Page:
Osteoporosis is a bone disease. The amount of calcium in the bones slowly decreases over time to a point where the bones are very weak and easily broken.

Calcium is lost when it is released from the bones into the body. The released calcium is used by the body for blood clotting, heart and kidney functioning, and other important activities.

Bone cells can rebuild the skeleton. Adequate calcium intake every day is vital to this rebuilding process.

After age 30, the release of calcium from the bones becomes greater than the replacement. The release is faster with menopause due to the loss of estrogen in a woman’s body.

In men, this process starts later and more slowly. A testosterone drop accelerates bone loss in men.

Large holes appear in the bones if density was poor to begin with and daily calcium intake was inadequate. The bones lose thickness and become brittle and can break with as little force as a sneeze. People usually are unaware they have osteoporosis until a fracture occurs.

Some risk factors for osteoporosis are low intake of calcium and vitamin D, inactivity, smoking, excessive alcohol and coffee consumption, small body frame, Caucasian race, genetics and the aging process. The following measures can be helpful for women and men at any age:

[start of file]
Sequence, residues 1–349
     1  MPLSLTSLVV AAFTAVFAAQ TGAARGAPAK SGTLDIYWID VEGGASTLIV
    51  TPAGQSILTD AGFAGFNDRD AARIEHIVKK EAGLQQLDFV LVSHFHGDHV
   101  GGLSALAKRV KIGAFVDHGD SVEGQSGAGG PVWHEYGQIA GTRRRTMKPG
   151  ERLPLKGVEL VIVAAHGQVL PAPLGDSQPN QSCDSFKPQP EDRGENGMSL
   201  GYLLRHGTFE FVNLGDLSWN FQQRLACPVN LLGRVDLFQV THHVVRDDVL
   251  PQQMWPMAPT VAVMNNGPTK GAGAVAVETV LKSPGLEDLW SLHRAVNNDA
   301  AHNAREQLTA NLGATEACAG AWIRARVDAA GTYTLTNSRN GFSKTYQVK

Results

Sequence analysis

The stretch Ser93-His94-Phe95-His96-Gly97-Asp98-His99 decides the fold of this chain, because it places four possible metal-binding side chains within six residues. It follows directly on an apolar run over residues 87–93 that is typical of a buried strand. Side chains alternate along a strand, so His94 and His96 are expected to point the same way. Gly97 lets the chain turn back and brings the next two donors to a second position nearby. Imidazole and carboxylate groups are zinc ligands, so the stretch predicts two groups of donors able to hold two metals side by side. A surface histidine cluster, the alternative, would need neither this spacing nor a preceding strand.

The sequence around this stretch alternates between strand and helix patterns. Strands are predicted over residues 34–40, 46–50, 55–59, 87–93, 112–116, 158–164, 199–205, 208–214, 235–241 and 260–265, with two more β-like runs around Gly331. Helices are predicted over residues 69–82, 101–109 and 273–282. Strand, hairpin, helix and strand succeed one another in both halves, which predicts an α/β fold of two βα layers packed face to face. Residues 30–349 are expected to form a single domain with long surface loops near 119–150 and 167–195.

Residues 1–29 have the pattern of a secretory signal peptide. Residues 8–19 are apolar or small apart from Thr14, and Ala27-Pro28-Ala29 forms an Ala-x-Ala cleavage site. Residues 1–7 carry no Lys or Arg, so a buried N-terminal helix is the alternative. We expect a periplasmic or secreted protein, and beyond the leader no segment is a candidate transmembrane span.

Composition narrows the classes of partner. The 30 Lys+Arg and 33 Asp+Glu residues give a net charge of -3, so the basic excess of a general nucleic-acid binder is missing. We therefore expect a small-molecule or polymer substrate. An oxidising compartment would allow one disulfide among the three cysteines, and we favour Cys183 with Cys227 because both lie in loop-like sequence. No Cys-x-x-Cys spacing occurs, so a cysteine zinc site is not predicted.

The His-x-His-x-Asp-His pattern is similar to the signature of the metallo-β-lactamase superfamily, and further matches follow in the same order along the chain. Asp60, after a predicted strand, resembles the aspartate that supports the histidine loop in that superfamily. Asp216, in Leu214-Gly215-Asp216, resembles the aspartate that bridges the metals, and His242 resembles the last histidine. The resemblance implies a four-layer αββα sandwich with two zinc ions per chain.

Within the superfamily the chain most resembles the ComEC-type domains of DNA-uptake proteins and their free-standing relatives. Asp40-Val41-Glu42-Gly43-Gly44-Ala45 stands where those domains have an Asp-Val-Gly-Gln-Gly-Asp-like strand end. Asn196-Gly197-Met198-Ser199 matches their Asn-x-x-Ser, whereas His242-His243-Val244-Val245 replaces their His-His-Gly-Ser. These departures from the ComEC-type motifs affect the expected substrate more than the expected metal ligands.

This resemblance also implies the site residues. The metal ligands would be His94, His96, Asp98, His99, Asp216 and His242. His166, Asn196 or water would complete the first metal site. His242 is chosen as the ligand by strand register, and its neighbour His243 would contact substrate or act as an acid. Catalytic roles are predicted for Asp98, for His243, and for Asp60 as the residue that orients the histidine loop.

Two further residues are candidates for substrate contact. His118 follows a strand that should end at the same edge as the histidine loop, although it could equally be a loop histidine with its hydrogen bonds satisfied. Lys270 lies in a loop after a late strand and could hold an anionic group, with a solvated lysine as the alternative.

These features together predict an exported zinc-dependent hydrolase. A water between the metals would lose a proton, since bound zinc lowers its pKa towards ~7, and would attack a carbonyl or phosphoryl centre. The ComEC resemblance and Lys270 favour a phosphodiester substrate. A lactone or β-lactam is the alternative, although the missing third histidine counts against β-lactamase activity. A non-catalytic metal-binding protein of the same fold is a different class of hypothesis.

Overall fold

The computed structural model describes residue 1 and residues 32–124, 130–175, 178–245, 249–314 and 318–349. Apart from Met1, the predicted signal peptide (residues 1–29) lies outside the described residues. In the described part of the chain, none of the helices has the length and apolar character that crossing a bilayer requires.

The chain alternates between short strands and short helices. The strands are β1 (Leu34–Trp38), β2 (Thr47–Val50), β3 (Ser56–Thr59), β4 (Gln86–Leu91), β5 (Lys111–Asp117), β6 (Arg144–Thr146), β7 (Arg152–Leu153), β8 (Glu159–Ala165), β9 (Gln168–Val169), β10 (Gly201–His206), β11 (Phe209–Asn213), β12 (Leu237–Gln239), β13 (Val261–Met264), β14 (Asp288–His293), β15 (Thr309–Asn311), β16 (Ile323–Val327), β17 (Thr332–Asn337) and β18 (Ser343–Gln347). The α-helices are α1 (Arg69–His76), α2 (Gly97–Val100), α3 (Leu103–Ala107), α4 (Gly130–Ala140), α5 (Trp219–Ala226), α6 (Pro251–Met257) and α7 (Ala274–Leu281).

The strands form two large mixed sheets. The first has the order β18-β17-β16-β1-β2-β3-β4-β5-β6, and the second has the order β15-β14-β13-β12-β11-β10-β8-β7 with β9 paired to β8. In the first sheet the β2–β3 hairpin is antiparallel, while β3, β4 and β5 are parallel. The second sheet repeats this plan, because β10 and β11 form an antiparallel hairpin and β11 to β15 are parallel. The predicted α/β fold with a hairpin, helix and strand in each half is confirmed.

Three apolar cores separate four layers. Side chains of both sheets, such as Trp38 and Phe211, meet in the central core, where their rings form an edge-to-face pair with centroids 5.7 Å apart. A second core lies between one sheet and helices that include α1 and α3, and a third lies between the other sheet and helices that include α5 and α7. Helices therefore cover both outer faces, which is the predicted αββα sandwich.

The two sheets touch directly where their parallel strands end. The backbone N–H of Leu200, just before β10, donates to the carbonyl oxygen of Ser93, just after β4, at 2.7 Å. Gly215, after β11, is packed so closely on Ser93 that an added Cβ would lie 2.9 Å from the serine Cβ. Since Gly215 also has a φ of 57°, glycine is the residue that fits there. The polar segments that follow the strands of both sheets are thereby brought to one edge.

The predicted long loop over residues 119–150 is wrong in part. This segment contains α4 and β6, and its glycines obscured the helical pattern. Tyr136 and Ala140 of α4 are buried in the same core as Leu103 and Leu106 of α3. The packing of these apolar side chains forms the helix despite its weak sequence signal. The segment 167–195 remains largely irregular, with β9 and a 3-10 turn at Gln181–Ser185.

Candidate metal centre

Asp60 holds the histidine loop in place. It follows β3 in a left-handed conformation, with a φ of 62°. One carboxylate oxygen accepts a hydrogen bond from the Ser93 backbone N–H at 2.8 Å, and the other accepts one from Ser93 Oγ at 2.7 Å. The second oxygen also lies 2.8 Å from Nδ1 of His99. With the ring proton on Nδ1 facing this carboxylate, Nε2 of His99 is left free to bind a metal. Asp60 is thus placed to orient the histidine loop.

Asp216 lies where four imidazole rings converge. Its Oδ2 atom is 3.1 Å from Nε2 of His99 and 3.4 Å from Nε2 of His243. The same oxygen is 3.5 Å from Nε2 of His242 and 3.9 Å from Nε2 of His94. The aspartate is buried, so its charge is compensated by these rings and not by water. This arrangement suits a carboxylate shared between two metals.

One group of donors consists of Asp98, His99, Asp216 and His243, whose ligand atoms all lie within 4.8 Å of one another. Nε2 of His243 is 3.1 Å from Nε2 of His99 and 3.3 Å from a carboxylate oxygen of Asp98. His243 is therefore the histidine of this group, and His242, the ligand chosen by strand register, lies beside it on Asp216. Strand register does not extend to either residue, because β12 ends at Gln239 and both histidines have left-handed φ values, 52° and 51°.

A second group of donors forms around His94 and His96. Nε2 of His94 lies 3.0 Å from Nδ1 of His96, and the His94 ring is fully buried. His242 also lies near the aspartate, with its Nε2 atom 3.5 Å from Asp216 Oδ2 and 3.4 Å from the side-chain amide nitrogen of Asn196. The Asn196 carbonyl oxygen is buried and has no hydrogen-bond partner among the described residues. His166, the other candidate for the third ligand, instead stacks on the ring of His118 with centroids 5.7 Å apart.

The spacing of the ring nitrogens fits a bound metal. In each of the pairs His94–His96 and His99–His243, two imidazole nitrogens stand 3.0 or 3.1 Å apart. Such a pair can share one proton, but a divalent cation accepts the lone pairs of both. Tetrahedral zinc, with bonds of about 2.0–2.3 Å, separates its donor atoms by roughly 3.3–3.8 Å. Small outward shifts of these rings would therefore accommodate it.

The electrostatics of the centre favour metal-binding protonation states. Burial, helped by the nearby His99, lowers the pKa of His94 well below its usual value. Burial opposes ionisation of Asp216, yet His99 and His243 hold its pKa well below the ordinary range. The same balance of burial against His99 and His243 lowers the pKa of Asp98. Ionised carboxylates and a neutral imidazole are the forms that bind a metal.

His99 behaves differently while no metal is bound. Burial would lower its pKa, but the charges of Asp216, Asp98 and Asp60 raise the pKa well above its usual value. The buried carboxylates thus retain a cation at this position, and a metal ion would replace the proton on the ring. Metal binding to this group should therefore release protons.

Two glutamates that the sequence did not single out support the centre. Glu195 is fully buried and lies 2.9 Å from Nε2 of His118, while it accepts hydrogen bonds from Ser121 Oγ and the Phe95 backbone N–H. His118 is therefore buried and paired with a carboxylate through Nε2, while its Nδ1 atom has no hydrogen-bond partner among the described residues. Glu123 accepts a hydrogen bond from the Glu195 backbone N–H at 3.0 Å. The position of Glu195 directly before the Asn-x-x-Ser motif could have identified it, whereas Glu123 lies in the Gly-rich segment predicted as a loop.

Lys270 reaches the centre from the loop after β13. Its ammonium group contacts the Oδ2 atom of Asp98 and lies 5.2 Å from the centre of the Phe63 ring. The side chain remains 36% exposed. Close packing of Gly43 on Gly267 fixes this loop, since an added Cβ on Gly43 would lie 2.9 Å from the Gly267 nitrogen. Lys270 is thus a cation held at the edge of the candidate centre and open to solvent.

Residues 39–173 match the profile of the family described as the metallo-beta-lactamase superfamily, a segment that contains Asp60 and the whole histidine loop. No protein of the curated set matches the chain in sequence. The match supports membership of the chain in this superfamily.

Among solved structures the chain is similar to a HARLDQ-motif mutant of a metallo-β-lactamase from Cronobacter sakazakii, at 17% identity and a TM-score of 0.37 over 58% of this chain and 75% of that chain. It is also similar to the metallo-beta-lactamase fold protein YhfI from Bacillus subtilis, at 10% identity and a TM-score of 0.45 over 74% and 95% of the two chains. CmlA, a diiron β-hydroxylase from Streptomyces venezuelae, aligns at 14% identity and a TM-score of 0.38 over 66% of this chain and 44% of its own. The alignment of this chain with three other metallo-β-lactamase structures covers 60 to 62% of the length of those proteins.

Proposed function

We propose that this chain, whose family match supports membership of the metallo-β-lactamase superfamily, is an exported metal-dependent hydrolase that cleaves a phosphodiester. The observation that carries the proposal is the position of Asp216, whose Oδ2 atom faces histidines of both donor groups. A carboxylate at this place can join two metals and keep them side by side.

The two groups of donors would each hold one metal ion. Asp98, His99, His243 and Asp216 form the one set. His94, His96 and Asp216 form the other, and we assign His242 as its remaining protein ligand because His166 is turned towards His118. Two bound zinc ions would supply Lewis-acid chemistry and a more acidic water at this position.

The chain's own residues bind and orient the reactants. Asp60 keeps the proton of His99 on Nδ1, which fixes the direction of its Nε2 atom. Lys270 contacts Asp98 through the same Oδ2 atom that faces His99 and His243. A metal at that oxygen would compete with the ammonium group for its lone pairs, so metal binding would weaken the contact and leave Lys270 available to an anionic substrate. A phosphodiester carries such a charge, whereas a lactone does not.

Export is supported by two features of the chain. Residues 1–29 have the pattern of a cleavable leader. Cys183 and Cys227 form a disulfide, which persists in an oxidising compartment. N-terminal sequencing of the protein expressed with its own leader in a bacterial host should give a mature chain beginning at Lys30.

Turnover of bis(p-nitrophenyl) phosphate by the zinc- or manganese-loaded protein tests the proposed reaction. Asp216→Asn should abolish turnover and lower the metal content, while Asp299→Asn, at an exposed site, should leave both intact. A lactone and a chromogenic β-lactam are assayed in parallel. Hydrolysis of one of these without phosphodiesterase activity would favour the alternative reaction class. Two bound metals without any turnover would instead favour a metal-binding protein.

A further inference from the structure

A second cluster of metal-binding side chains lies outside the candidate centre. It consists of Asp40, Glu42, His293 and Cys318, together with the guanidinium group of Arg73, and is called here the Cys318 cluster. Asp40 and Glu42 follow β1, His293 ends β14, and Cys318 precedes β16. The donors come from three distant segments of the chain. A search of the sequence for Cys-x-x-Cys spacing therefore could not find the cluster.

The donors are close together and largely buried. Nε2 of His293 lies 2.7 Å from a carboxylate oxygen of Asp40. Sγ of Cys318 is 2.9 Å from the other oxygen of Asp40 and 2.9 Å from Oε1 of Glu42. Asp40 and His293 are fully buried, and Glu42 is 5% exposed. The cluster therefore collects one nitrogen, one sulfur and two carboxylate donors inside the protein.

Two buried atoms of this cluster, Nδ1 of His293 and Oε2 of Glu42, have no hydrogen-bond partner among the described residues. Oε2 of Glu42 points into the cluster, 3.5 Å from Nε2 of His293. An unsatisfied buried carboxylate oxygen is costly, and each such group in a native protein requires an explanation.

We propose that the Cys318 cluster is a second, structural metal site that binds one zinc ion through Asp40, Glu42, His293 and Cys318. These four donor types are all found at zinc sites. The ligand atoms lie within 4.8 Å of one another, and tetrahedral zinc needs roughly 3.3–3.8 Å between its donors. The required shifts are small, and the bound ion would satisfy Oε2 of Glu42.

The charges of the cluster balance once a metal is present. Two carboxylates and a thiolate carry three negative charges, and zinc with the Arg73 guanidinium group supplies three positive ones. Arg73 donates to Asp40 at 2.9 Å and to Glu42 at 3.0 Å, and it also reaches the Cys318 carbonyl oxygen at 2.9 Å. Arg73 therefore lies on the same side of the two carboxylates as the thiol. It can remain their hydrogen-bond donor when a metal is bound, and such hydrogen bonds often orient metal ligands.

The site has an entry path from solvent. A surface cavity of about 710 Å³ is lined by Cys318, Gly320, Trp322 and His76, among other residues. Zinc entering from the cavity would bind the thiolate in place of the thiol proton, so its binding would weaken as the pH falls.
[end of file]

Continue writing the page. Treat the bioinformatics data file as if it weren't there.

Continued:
• Get adequate amounts of calcium every day. Cheese, yogurt, milk, broccoli and fortified orange juice are good sources.

• Use calcium supplements that contain Vitamin D for better absorption of calcium.

• Participate in regular weight bearing exercises such as running, use of the stair stepper, racquetball, team sports and walking.

• Weight training builds bone density.

• Stop smoking or never start.

• Reduce alcohol intake.

• Limit coffee consumption to two cups daily.

No cure exists for osteoporosis at this time. Treatment options are available but the best course of action is prevention.

Prevention starts in childhood to make the bones as dense as possible while the skeleton is being built.

See the National Osteoporosis Foundation Web site at www.nof.org for questions or more information on diagnosis or treatment.